Going Postal Votes

linenlesbian

Today the deflating souffle that is Australia’s leadership voted down the plan for a compulsory national plebiscite on same-sex marriage and instead the measure will go to a non-compulsory postal ballot costing $122 million dollars. Will this process ever bloody end? Attorney-General George Brandis says same-sex marriage will be law by Christmas. I think there’s a greater chance that by Christmas he’ll be nibbling mince pies in the London Embassy.

There are worse ways to decide this, I suppose. As a precedent for the Australian government asking the public for opinion on policy, Mathias Cormann cites the 1974 phone poll of 60,000 randomly selected Australians to ask for their view on changing the national anthem. Try that these days and not only will the participants skew heavily towards the older generation who still have landlines, but you’ll end up with a result of 50 percent for ‘yes’ and 50 percent for ‘fuck off calling me a dinner time, call again I’ll shove the phone up your bloody arse’

So with a postal vote all but certain (today at least), here is a list of pros and cons of this political shirking of duty by democracy:

Con: Waste of my money and time

Fact: That money would have been wasted anyway. And you spent all day yesterday on the couch watching The Bachelor. Shut up.

Pro: Will be run by the Australian Bureau of Statistics, not the Australian Electoral Commission, which means the government does not need senate approval to fund the vote. Hopefully that means that the activists determined to stop the vote will not be able to.

Con: The Australian Bureau of Statistics crashed out on the census and they had five years to plan. This would have to happen in months. Also, the legal challenges have already begun.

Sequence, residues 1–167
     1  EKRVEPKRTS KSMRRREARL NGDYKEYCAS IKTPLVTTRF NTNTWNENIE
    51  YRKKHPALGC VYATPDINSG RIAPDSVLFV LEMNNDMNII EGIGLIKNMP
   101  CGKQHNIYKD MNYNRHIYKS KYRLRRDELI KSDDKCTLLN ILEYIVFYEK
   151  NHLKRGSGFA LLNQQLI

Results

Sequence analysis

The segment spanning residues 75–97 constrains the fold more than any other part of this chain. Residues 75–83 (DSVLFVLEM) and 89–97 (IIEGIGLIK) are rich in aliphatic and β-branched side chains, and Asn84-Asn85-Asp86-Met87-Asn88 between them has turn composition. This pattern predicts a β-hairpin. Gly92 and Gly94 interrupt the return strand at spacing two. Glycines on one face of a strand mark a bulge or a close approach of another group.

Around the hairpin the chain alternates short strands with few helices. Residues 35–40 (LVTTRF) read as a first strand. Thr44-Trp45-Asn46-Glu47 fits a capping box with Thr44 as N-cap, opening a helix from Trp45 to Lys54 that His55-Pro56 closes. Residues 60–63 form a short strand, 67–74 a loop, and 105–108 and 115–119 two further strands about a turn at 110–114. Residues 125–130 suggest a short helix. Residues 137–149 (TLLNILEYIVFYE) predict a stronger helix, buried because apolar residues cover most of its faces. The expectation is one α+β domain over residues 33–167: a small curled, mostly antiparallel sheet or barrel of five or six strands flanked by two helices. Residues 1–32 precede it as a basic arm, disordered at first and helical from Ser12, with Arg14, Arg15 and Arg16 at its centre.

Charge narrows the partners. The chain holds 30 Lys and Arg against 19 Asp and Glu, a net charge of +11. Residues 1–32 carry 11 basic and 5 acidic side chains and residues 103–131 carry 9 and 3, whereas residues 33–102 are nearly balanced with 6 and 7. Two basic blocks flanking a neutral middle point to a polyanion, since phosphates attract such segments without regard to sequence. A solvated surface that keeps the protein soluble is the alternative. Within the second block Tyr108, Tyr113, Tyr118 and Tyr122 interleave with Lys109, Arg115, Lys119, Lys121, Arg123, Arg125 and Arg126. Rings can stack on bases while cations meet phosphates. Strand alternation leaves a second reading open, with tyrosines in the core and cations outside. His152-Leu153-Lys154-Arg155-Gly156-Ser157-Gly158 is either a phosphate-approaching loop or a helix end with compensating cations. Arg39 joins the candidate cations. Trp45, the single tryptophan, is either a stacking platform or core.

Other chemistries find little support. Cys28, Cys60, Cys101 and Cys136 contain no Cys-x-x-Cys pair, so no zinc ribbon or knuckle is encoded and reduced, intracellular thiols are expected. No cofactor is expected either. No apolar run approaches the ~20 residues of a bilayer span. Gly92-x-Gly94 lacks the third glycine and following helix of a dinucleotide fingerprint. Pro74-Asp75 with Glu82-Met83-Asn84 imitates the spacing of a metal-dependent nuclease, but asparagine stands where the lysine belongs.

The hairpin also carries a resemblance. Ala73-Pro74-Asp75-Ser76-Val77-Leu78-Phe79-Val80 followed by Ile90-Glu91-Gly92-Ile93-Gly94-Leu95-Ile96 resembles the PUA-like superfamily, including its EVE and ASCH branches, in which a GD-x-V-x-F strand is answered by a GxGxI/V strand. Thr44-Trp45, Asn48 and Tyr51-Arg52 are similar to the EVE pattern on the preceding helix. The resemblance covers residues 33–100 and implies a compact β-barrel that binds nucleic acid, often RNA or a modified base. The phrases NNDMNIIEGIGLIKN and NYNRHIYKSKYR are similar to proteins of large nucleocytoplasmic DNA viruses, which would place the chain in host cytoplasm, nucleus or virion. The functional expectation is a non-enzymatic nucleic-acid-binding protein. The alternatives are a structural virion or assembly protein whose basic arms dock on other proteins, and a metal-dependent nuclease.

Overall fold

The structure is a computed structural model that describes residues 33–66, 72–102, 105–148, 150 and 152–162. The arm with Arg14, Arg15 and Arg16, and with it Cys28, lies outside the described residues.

Pros: Postal ballots can’t be hacked by the Russians.

Cons: If the ABS stuffs this up they’ll probably blame hackers anyway.

Pro: Avoids ugly scenes at polling stations and removes people who would vote no out of resentment for having to show up.

Con: No plebiscite day sausages.

Pro: Only people who feel strongly about the issue will vote.

Con: This could result in a near 50/50 split similar to Brexit.

Pro: Brexit was the reclamation of sovereignty from a corrupt elitist system whose only goal is to enrich itself through the total control of all aspects of society.

Con: Entitled millennials dressed in the European Union flag.

Pro: There might be enough self-righteous millennials to push the ‘yes’ case over the line for same-sex marriage.

Con: Ugh, millennials.

Pro: Once same-sex marriage gets passed they might shut up.

Con: You know they won’t. One shudders to think what deluded activism they might take up in the absence of the marriage equality fight.

Pro: I wouldn’t have to go to anymore Marriage Equality fundraisers and listen to that terrible choir.

Con: The postal vote only means that parliament gets a free vote and the law might still not get passed.

Pro: There is most likely enough votes to pass marriage equality in parliament and by the end of the year same-sex couples will have the right to marry and enjoy the legal protections that that entails under Australian law.

Con: Regardless of the result, the Liberal government tears itself apart and Bill Shorten becomes our next Prime Minister.

Sigh. Well Liberal Pride Launch will be interesting now!

 

 

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